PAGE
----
Join Bobby on The Hard Shoulder every Tuesday, with thanks to Energia
Each week broadcaster, entrepreneur and agony uncle Bobby Kerr joins The Hard Shoulder to answer all your employment-related questions.
It was revealed this week in the Harvard Business review that many managers actually feel uncomfortable giving feedback to their employees.
Bobby says this is tough luck because part of being a manager means giving feedback is your job. If you don't do it, people will end up in the dark and you could get some nasty surprises.
So what can you do if you're in this tricky situation? Well, the Harvard Business Review suggests you approach giving feedback these three ways:
Bobby adds that at the end of the day, when a manager talks to their employees everyone wins!
Now, onto your employment-related questions...
I've a retail business in central Dublin and my insurance was €15,000 per annum last year. I got what the insurance company called a spurious claim last year and the insurance company settled it with the claimant for €5,000 without my consent. They said this was the cheapest option. I just got my premium for 2018 and it's gone from €15,000 to €21,000. It gets worse, I got a letter about another claim for a fall last month two days after the records for the CCTV get deleted. I was thinking about settling with the claimant directly without involving the insurance company to avoid the premium going up again and putting me out of business. What is your advice?
So if the claim was for €5,000 and his premium went up €6,000, he has essentially paid for that claim. If the insurance company settled without his consent, it's because they don't need his consent, if he reads his policy, he will see they don't need his consent. Now, he wants to deal with the next claim directly, which is a dodgy thing to do.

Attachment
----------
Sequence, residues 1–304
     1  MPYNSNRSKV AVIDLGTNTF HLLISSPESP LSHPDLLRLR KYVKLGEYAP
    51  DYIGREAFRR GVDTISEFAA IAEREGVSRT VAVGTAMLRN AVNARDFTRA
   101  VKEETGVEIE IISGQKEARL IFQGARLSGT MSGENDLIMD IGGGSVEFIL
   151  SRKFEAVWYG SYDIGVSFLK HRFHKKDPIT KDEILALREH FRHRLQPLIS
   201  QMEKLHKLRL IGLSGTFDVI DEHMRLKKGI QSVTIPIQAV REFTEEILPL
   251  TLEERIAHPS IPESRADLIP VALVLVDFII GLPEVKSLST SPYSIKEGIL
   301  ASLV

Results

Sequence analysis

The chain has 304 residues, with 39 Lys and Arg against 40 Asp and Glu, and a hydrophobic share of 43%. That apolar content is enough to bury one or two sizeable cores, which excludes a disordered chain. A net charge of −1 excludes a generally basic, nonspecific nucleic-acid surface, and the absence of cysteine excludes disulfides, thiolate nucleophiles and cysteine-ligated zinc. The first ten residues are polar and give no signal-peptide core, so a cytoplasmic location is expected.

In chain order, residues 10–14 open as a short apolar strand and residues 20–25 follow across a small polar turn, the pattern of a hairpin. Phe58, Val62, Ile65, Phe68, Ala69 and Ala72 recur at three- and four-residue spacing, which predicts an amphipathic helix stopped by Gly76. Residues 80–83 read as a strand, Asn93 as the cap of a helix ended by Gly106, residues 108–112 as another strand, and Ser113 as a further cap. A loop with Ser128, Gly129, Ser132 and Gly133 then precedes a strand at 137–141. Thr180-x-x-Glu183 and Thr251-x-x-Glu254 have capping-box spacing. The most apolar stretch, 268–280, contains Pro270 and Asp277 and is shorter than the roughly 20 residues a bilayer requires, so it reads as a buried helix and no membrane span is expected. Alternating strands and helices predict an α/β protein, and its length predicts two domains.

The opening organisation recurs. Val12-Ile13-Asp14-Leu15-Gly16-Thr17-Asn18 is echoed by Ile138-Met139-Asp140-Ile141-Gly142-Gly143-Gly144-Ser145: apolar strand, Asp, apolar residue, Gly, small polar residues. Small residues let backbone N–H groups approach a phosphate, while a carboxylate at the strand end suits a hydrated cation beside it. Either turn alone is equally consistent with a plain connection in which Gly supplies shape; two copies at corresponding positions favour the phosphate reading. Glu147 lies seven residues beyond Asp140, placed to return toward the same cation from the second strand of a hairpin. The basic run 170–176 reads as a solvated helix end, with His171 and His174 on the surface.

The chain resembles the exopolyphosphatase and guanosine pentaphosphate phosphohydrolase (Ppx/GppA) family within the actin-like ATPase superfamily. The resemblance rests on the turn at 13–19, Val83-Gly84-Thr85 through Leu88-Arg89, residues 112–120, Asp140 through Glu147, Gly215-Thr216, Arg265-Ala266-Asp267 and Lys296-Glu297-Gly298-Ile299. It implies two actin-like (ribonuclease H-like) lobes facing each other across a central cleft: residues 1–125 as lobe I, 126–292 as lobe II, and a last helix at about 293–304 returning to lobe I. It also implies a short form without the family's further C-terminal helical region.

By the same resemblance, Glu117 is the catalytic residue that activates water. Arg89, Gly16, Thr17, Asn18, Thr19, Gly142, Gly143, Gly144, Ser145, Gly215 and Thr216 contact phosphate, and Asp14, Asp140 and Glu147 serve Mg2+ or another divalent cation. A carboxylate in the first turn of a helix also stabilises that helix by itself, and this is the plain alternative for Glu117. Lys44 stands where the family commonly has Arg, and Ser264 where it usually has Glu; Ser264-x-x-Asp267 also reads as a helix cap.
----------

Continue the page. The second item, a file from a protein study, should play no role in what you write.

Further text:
Ivan suggests the solicitor in this claim may see this as an admission of guilt but Bobby warns that more worryingly, doing this without telling your insurance company can completely invalidate your policy.
Bobby advises to be really cautious in this situation.
I've been offered a job in a large hardware chain. I've just got my contract and it says I have to be willing to have my bag, myself and my locker available for security checks after my shift every day. Is this legal?
Bobby says the employer is being upfront and has their policy written into the employment contract. Companies in this situation have to be careful because they need to respect the employees' dignity. For example, they can't have a public search of someone's bag in front of other staff or customers, that would be seen as unreasonable. Legally though, they do have a right to perform these searches.
He doesn't have a choice with regards to agreeing with the policy or not if he wants the job. He has been offered the job and these are the conditions of it if he wants to accept the position.
I'm managing a small business and have been on the same rate of pay for the last three years and would really like to ask for a raise. What would be the average rate for someone managing a small rural business or where should I look to find out? I really think I am due a raise but I don't know how much to ask for.
This is a genuine query and I would suggest that you need to do a little bit of homework. One place to look is recruitment companies or jobs advertised so you get a sense of the relevant marketplace. When you're entering into any type of negotiation, knowledge is always power.
Once you have found what you consider to be the benchmark, ask for more than you'd expect, Bobby advises. In other words, leave yourself a bit of leeway. It's important to put a value on yourself.
You can listen back to all of Bobby’s employment advice from Tuesday’s The Hard Shoulder here:
If you have a business or SME related query you would like answered - you can get in touch with Bobby each week by simply sending a short mail to firstname.lastname@example.org